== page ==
7

In my dictionary enuntio is first conjugation verb,

enuntio, avi, are

Now in Spinoza there came up this word - 'enunciatum', which is said to be (source - Wictionary) coming from enuntio, as alternative form of 'enuntiatus', Perfect passive participle of ēnuntiō.

I haven't noticed such a changes before, is it common in new Latin?

7

This is very common, in fact. In Medieval and later Latin, both C and T before I and E (and thus also AE and OE) softened the dentals (probably into /ts/ but perhaps even /tʃ/, English's "ch" sound.

This then led a number of places where in Latin there was a T to turn into a C, such as racio for ratio or vicium for vitium, leading to the derivative vice.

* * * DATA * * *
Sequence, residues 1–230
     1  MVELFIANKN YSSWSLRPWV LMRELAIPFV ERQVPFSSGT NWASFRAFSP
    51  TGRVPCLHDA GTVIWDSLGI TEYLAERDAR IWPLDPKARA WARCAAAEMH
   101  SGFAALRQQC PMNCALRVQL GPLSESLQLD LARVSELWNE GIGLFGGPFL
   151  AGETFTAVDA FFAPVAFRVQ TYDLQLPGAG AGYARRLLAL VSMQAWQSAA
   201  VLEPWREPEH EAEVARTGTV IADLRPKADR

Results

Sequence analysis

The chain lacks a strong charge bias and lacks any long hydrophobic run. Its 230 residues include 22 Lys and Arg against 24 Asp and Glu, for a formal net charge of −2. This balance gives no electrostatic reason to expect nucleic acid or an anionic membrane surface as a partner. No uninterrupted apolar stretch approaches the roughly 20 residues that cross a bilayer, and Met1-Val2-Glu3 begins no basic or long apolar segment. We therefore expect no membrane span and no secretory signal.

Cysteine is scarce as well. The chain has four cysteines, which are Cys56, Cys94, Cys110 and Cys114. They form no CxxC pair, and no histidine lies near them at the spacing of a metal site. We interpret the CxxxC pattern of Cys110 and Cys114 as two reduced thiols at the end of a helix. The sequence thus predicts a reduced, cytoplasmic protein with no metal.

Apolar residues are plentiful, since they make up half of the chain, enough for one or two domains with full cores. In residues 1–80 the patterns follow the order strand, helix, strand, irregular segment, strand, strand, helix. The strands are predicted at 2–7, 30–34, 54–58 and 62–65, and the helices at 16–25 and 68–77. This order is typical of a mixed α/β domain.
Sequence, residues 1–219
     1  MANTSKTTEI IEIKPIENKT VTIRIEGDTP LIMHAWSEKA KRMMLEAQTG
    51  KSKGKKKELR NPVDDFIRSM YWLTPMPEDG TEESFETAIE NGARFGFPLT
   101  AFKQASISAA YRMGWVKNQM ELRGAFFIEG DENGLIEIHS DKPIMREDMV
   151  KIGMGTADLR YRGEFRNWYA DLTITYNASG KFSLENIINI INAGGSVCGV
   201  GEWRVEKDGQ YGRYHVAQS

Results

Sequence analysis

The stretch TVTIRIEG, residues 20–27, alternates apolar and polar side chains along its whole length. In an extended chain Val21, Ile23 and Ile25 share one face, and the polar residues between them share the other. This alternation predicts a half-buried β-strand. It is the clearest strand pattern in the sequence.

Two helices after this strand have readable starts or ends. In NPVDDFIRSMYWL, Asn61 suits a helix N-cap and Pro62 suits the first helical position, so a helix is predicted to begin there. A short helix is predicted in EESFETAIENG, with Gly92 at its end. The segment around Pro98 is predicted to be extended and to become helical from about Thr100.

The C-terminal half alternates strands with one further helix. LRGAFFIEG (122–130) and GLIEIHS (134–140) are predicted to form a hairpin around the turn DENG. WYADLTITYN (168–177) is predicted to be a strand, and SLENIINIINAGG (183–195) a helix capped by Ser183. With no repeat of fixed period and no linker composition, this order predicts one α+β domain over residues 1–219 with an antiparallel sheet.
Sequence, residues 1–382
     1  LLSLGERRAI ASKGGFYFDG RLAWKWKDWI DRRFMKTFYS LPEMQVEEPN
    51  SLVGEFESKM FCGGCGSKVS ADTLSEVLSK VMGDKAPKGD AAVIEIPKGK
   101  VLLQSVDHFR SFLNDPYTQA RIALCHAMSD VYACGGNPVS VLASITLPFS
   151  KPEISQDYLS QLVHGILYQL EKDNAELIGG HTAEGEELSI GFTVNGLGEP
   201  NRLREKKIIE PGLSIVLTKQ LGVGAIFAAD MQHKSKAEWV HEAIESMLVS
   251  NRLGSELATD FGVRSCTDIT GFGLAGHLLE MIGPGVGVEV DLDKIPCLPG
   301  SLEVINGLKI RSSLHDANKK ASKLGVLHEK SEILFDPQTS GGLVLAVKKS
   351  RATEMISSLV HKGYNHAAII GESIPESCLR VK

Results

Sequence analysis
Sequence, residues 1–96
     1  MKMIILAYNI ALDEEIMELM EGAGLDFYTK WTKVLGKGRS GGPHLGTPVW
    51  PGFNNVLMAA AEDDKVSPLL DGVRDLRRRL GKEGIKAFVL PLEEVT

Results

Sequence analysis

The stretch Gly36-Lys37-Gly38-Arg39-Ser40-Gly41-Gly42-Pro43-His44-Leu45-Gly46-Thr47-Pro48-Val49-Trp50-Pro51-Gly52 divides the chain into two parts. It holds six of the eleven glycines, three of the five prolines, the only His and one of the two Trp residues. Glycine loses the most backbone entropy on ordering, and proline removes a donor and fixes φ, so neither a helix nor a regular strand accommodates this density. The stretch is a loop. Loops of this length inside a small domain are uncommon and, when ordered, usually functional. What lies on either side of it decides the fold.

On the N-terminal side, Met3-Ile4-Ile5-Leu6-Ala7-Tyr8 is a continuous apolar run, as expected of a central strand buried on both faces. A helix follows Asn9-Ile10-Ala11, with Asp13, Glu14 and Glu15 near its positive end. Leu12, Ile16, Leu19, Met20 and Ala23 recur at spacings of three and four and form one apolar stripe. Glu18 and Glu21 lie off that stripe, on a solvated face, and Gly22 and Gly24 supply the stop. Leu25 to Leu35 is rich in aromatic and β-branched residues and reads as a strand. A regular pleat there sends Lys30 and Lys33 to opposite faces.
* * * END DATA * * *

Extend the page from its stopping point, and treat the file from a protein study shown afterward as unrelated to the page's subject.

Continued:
Many of the changes are detailed under Medieval Latin orthography guides, such as Mantello & Rigg's.

  • 2
    In current ecclesiastical pronunciation, c before e-i-oe-ae becomes /tʃ/ while t before i + vowel (e.g. -tio, -tium, -tia) becomes /ts/. – brianpck Jan 2 '17 at 19:30
  • In Italian the word is enunciato (with /tʃ/, means ‘statement’); similarly, renuntiare gave rinunziare (with /ts/, formal written language, not used any longer in speech) and the more common rinunciare. To the contrary, vitium gave vizio (with /ts/) and ratio/rationem gave ragione. – egreg Jan 10 '17 at 9:35
3

The usual school pronunciation of Latin in Germany is that ci + vowel and ti + vowel are both realised as /tsi/.

Your Answer

By clicking “Post Your Answer”, you agree to our terms of service, privacy policy and cookie policy

Not the answer you're looking for? Browse other questions tagged or ask your own question.